By Martie Thompson

It was a different era in many ways when the precursor to the organization now known as the Mandarin Community Club was first formed back in 1917 — it was just prior to the United States entering what is now known as World War I. According to Club President Emily Lisska, a group from Mandarin formed a Liberty League, which assisted with war efforts and other patriotic services and events.

“We are proud of the longevity of our organization,” Lisska said. “It’s still such a timely story, of the village, or community, of Mandarin supporting certainly the most profound event at the time, known then as the ‘Great War.’”

Lisska recounted that as the Great War ended in 1918, this patriotic group’s purpose suddenly was gone. The members enjoyed being together and were also now being asked to help with other community issues. So, although it took nearly five years, the Mandarin Community Club officially formed in July 1923 with the same officers as the prior Liberty League.

The organization is not to be confused with the Mandarin Community Club building located on Mandarin Road, which was actually Mandarin’s school at the time. Lisska said that in 1936 the school closed and that is when the building was given to the Mandarin Community Club organization by Edwin Jones and Carrmina Jones.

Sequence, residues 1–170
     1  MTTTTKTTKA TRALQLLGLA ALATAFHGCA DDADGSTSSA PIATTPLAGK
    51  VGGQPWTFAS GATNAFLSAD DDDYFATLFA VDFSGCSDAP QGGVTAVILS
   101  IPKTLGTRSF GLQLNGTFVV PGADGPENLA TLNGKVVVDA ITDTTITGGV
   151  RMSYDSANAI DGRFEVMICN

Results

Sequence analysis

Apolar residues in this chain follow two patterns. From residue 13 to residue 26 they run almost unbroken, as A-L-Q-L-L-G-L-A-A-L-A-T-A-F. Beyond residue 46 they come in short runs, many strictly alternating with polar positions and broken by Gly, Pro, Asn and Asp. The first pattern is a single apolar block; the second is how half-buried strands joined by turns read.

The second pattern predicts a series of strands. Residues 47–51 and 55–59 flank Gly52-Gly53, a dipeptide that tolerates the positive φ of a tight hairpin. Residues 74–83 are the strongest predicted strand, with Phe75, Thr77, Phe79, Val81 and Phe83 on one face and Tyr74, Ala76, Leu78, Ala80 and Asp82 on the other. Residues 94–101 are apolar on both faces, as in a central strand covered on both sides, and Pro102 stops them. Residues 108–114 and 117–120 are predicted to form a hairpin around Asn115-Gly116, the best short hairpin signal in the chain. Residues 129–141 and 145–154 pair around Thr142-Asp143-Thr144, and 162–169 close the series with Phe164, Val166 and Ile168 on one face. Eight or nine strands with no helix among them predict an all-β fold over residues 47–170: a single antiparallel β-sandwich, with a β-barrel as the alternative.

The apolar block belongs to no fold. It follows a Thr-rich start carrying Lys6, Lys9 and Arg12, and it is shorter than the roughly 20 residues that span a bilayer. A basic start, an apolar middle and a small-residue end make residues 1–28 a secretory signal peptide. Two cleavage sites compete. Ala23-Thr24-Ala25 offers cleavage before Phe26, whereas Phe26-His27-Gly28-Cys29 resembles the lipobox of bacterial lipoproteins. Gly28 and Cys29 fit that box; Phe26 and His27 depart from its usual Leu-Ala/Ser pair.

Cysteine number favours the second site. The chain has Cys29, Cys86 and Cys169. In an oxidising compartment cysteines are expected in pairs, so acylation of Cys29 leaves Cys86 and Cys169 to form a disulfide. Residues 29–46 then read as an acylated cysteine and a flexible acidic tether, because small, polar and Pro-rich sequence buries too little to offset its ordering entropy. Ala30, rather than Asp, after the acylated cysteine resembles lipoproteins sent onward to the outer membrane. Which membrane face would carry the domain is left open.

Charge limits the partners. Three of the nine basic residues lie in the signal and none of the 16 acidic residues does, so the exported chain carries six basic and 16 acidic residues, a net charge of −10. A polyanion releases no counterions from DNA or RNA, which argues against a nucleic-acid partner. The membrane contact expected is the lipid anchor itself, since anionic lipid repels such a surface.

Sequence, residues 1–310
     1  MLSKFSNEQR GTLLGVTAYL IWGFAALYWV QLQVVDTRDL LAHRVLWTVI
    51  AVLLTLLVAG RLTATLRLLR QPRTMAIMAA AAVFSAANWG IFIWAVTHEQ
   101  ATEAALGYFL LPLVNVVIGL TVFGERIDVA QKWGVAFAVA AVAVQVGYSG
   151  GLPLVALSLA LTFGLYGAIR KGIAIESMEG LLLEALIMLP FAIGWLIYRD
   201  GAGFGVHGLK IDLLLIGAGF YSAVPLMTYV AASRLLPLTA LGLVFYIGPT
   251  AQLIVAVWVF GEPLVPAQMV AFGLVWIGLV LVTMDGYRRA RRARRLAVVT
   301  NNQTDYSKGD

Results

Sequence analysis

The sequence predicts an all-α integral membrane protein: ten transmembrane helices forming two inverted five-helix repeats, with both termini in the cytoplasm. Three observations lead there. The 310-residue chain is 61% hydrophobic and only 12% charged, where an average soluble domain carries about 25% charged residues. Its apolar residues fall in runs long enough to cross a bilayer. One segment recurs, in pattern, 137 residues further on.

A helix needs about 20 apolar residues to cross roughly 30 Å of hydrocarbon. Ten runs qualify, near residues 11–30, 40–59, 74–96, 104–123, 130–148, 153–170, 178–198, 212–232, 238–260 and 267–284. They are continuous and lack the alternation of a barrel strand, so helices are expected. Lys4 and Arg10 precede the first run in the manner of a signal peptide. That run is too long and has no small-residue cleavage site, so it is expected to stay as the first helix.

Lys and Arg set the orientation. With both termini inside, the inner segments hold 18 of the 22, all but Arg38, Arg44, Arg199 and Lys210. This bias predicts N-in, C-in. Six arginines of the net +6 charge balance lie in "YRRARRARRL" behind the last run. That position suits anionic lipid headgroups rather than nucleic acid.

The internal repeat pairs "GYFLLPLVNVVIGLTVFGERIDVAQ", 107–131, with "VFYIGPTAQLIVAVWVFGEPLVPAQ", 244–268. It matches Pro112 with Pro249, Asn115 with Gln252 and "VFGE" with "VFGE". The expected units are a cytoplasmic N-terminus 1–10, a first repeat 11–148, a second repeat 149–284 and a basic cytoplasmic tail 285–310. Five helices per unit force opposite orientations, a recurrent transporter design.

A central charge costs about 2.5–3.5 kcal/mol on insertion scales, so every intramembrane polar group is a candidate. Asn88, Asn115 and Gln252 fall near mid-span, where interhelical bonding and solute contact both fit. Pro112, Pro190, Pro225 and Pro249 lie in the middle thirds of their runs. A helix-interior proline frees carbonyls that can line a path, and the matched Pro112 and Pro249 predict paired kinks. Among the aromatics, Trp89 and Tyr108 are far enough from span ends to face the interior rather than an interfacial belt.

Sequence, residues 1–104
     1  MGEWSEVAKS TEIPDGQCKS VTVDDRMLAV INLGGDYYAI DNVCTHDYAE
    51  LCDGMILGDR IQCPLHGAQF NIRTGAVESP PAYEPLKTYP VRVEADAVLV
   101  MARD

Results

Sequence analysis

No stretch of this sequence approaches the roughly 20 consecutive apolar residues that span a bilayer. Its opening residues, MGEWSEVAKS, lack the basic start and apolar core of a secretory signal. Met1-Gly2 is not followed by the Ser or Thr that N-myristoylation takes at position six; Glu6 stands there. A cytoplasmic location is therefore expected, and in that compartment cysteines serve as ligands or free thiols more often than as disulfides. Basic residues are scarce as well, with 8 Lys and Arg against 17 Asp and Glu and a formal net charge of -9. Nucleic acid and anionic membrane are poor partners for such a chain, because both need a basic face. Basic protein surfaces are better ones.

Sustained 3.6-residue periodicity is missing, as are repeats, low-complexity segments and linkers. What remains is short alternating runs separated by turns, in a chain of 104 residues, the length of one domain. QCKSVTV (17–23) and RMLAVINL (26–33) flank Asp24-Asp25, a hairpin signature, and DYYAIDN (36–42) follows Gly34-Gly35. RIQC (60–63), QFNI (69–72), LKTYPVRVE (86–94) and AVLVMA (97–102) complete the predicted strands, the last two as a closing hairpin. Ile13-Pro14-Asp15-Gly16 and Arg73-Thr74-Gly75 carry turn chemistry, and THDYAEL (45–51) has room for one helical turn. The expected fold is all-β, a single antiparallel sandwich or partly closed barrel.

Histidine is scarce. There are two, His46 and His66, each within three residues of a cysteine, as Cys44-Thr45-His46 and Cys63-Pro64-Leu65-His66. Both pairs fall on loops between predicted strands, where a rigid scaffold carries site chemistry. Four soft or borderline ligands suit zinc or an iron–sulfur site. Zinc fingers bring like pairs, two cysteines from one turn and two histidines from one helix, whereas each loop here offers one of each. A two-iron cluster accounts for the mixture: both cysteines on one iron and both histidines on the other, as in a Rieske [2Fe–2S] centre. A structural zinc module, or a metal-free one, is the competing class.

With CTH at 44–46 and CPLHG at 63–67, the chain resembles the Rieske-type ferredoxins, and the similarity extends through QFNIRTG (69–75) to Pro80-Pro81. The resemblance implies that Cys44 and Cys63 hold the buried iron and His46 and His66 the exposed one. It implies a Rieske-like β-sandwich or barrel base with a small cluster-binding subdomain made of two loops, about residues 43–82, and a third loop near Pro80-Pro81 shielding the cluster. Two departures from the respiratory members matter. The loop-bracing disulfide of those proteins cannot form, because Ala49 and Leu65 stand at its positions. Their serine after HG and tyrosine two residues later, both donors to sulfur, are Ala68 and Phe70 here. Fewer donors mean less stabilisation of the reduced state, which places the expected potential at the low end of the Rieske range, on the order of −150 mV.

“There is a lot of history now to that building,” Lisska said. “But it started with a lot of history as it was more than half a century old by the time the building was given to the Mandarin Community Club organization.”

This historic building was the site of the club’s special anniversary celebration, which was themed a silent film night to reflect the time of the original founding. On July 27, community members came out to view three silent films, called “shorts” due to their length, that featured Buster Keaton. Live music enhanced the films, just like the old days. The event was coordinated by events chair, Ellen Milligan, a Ramsgate resident.

“It really was heartwarming to see such a great turnout for our special event,” Lisska said. “It was a really fun evening with families and children. Everyone enjoyed hot dogs and movie candy.”

Today, the Mandarin Community Club hosts a variety of events for members and the community over the course of each year, including a tree giveaway, an official U.S. Flag Retirement Ceremony, and a tribute to veterans in November. The Mandarin Community Club also hosts the annual Mandarin Art Festival on Easter weekend and cosponsors the Third Thursday Lecture Series with the Mandarin Museum and Historical Society.

For more information, visit their website, or call the Club office (268-1622)

Photo courtesy Bernie Gross

There was a large turnout for the Mandarin Community Club’s 95th anniversary celebration, a silent movie night held at the club building on Mandarin Road.

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